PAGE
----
Animation.prototype.next_frame = function()
{
this.set_frame(Math.min(this.frames.length - 1, this.current_frame + 1));
}

Animation.prototype.previous_frame = function()
{
this.set_frame(Math.max(0, this.current_frame - 1));
}

Animation.prototype.first_frame = function()
{
this.set_frame(0);
}

Animation.prototype.last_frame = function()
{
this.set_frame(this.frames.length - 1);
}

Animation.prototype.slower = function()
{
this.interval /= 0.7;
if(this.direction > 0){this.play_animation();}
else if(this.direction < 0){this.reverse_animation();}
}

Animation.prototype.faster = function()
{
this.interval *= 0.7;
if(this.direction > 0){this.play_animation();}
else if(this.direction < 0){this.reverse_animation();}
}

Animation.prototype.anim_step_forward = function()
{
this.current_frame += 1;
if(this.current_frame < this.frames.length){
this.set_frame(this.current_frame);
}else{
var loop_state = this.get_loop_state();
if(loop_state == "loop"){
this.first_frame();
}else if(loop_state == "reflect"){
this.last_frame();
this.reverse_animation();
}else{
this.pause_animation();
this.last_frame();
}
}
}

Animation.prototype.anim_step_reverse = function()
{
this.current_frame -= 1;
if(this.current_frame >= 0){
this.set_frame(this.current_frame);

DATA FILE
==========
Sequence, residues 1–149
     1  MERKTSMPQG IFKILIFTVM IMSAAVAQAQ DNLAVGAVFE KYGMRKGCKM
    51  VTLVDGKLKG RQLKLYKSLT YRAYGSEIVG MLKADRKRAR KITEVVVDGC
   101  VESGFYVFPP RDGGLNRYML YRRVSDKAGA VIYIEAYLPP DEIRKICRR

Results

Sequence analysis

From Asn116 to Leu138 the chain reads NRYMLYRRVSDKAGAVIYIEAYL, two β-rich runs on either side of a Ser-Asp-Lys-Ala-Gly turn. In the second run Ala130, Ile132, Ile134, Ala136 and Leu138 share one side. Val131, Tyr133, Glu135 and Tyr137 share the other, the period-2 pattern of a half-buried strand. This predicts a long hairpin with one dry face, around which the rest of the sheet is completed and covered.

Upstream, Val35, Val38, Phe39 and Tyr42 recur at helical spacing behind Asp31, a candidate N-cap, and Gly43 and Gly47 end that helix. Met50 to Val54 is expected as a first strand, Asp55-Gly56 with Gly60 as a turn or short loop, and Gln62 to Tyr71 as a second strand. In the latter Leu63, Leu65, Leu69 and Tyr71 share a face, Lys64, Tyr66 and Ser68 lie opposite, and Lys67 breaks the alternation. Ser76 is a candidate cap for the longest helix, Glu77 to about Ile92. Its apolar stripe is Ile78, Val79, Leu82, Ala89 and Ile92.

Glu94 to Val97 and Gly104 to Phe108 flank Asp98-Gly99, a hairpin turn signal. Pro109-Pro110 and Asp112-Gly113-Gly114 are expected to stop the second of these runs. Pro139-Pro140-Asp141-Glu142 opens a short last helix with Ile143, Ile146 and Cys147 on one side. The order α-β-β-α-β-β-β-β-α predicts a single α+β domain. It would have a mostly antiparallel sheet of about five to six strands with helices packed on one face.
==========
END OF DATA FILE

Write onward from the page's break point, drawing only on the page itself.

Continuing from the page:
}else{
var loop_state = this.get_loop_state();
if(loop_state == "loop"){
this.last_frame();
}else if(loop_state == "reflect"){
this.first_frame();
this.play_animation();
}else{
this.pause_animation();
this.first_frame();
}
}
}

Animation.prototype.pause_animation = function()
{
this.direction = 0;
if (this.timer){
clearInterval(this.timer);
this.timer = null;
}
}

Animation.prototype.play_animation = function()
{
this.pause_animation();
this.direction = 1;
var t = this;
if (!this.timer) this.timer = setInterval(function(){t.anim_step_forward();}, this.interval);
}

Animation.prototype.reverse_animation = function()
{
this.pause_animation();
this.direction = -1;
var t = this;
if (!this.timer) this.timer = setInterval(function(){t.anim_step_reverse();}, this.interval);
}

Once
Loop
Reflect

/* Instantiate the Animation class. */
/* The IDs given should match those used in the template above. */
(function() {
var img_id = "_anim_imgIFUQSAMMHIOENBXH";
var slider_id = "_anim_sliderIFUQSAMMHIOENBXH";
var loop_select_id = "_anim_loop_selectIFUQSAMMHIOENBXH";
var frames = new Array(0);

frames[91] = "data:image/png;base64,iVBORw0KGgoAAAANSUhEUgAAAbAAAAEgCAYAAADVKCZpAAAABHNCSVQICAgIfAhkiAAAAAlwSFlzAAALEgAACxIB0t1+/AAAGRZJREFUeJzt3XtwVOX9x/HPAWKiJYhahEAYuQmEQLLBkFSapFsjolQil1DtyEWB2Nqpl9I6I/3hAIPXIjoITv9gkEvLMJ0BRYhAqeiWS0WgRrFiwYIUZLhUJEAgCSR5fn903GmESgghz36T92smM7tnzzn55uzm+exzznPOCZxzTgAAGNPCdwEAANQHAQYAMIkAAwCYRIABAEwiwAAAJhFgAACTCDAAgEkEGADAJAIMAGASAQYAMIkAAwCYRIABAEwiwAAAJhFgAACTCDAAgEkEGADAJAIMAGASAQYAMIkAAwCYRIABAEwiwAAAJhFgAACTCDAAgElmA6y0tFSFhYVKSUlRnz59tGXLFt8lAQAaUSvfBdTXY489piFDhmjZsmWqqqrS6dOnfZcEAGhEgXPO+S7iUp04cUIZGRnau3ev71IAAJ6Y3IX4+eefq127dnrwwQfVv39/FRUV6cyZM77LAgA0IpMBVlVVpQ8++EA///nP9cEHH+g73/mOnn/+ed9lAQAakcljYMnJyUpOTtaAAQMkSYWFhecFWBAEPkoDAPOsHFky2QPr0KGDOnfurN27d0uS3n77